Music Plays Major Role in Life of GWU Grad

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Bonnie Scruggs Completes Rare GWU Feat of 200 Undergraduate Hours to Earn Degree

BOILING SPRINGS, N.C.—After starting to play the piano at age two, Bonnie Scruggs has majored in music her entire life. This month she marks a milestone in her music education as she graduates from Gardner-Webb University with more than 200 hours of undergraduate coursework in two majors with three concentrations.

GWU graduates normally complete 128 credit hours for a bachelor’s degree. “Probably one-tenth of one percent of students earn more than 200 undergraduate hours,” explained Stephen Sain, GWU’s associate registrar.

Scruggs will earn her bachelor’s degree in music education for the cello and piano and in music performance for the cello. “My mom and dad knew instantly that I was a music kid,” Scruggs reflected. “I knew in eighth grade, the same year we bought my first cello, that I wanted to be a music major.  I come from a musical family.”

Thinking back to her childhood, she remembers her grandmother playing the piano and the instruments that filled her family’s house. Her father Johnny served as a drum major in his high school band. Her mother Pam, who serves as associate athletics director at Gardner-Webb, plays the piano and has written songs. Earl Scruggs, the late legendary banjo musician from the nearby Flint Hill community, is her third cousin. “The instruments we had were my toys as a kid,” she recalled. “I didn’t play video games. We didn’t have TV. When we bought my first cello, dad said I had to learn how to play it and teach it.”

In the years since, Scruggs has taught cello and piano through her own studio, while taking an atypical academic course load of 22 credit hours per semester during her five years of study at GWU. She also leads youth and music programs at her church, performs and schedules other musicians for weddings, and she works with local music groups, including a recent performance with the Shelby High School Orchestra at the renowned Strathmore Music Center in Maryland.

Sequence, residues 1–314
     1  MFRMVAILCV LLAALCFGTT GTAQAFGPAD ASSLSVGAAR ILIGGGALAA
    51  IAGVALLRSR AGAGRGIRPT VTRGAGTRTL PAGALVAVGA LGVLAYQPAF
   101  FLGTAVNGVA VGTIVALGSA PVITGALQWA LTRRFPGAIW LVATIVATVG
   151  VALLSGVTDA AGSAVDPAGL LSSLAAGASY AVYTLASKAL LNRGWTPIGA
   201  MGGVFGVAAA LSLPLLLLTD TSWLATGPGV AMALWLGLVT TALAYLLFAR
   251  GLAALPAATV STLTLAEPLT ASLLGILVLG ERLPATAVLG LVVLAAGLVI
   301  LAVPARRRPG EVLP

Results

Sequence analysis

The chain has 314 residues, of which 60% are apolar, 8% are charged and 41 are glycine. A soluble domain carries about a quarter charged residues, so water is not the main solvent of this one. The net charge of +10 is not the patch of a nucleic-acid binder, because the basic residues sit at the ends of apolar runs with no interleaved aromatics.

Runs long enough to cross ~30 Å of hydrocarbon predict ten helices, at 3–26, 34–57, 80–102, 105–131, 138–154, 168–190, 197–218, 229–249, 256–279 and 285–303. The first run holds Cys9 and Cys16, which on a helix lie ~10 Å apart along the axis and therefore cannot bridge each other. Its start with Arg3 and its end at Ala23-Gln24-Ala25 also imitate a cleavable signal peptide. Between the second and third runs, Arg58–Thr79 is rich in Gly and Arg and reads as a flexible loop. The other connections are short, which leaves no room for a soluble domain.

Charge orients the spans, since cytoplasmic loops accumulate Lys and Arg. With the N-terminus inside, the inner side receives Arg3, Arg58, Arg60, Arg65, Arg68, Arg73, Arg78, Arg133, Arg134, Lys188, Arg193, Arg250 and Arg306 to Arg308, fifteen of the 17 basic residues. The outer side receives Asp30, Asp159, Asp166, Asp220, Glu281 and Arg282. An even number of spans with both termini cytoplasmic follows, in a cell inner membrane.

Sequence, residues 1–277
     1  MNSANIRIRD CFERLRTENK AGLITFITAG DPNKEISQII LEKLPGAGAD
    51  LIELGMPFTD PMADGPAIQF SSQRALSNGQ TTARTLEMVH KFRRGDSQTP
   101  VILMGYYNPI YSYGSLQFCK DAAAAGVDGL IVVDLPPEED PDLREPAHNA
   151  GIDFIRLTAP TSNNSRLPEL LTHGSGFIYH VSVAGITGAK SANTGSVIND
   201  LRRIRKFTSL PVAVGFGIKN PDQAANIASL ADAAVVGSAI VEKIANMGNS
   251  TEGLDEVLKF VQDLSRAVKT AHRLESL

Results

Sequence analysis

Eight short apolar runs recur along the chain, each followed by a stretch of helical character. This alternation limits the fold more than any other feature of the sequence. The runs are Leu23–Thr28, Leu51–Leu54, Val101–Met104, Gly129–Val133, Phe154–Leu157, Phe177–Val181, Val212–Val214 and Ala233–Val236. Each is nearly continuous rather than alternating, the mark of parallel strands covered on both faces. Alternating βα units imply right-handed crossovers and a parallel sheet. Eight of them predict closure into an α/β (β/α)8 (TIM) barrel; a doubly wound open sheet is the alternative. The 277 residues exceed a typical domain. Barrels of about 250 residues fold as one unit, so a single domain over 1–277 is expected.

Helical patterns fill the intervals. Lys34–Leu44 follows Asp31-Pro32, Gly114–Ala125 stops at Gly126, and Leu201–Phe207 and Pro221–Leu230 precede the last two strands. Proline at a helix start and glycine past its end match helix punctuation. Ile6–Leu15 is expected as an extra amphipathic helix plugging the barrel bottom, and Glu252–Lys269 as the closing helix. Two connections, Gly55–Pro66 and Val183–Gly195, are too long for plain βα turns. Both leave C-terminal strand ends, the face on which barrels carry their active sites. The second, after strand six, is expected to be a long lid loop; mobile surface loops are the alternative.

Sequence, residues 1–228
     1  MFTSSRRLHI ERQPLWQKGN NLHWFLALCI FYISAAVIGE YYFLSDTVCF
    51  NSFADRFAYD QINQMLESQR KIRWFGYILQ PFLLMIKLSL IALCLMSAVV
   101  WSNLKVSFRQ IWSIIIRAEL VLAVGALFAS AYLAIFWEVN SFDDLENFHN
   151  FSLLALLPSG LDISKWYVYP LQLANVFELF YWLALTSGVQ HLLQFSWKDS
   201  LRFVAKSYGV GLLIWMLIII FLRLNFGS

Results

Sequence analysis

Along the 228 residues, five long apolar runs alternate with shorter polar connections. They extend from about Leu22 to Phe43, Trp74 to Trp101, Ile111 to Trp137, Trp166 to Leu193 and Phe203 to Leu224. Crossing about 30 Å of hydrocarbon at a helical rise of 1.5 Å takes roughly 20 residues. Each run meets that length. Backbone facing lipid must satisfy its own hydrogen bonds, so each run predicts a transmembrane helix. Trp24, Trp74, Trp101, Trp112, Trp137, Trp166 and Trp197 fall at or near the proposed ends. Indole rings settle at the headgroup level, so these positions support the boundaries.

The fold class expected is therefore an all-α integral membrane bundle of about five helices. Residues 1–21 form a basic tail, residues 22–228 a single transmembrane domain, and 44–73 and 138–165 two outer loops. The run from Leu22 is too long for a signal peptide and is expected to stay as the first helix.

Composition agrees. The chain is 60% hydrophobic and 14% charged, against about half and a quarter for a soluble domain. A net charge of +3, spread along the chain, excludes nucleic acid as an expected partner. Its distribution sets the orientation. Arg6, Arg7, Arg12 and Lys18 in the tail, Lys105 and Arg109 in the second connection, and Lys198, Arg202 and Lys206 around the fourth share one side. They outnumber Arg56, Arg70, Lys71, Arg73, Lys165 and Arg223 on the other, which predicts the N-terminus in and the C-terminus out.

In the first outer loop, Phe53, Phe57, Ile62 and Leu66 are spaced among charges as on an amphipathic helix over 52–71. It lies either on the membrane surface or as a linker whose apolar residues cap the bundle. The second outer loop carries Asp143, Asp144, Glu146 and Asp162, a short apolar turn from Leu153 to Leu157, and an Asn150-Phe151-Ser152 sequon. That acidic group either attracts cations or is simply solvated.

“I do what I do in music because it’s a God-given talent,” Scruggs shared. “I play at church on Sundays, and it’s the way I worship and connect with God. It’s my ‘me’ time. It’s my spiritual time.”

The time she has spent at Gardner-Webb has offered unique opportunities to learn and grow as a musician and a person. She said she originally chose GWU because Dr. Patricia Sparti was the only college music department leader who said she could major with four concentrations, her original goal as she also wanted to study piano performance. “Gardner-Webb has also offered me opportunities to write and conduct,” she said. “And in all of my classes I’ve had the opportunity to ask questions without punishment and be recognized as a curious learner. I’m grateful for that.”

In addition to job possibilities, Scruggs is considering graduate school at Gardner-Webb. But she already knows that she will work to share her lifelong love of music with others. “Teaching is my main thing,” she revealed. “Regardless of what I do in the daytime, I know I’ll be teaching and working with kids. I know that music will play a role in my life.”

Located in Boiling Springs, N.C., Gardner-Webb University offers a comprehensive academic experience that introduces students to the diverse world of ideas and to the people who think them, preparing them for professional success and for productive citizenship.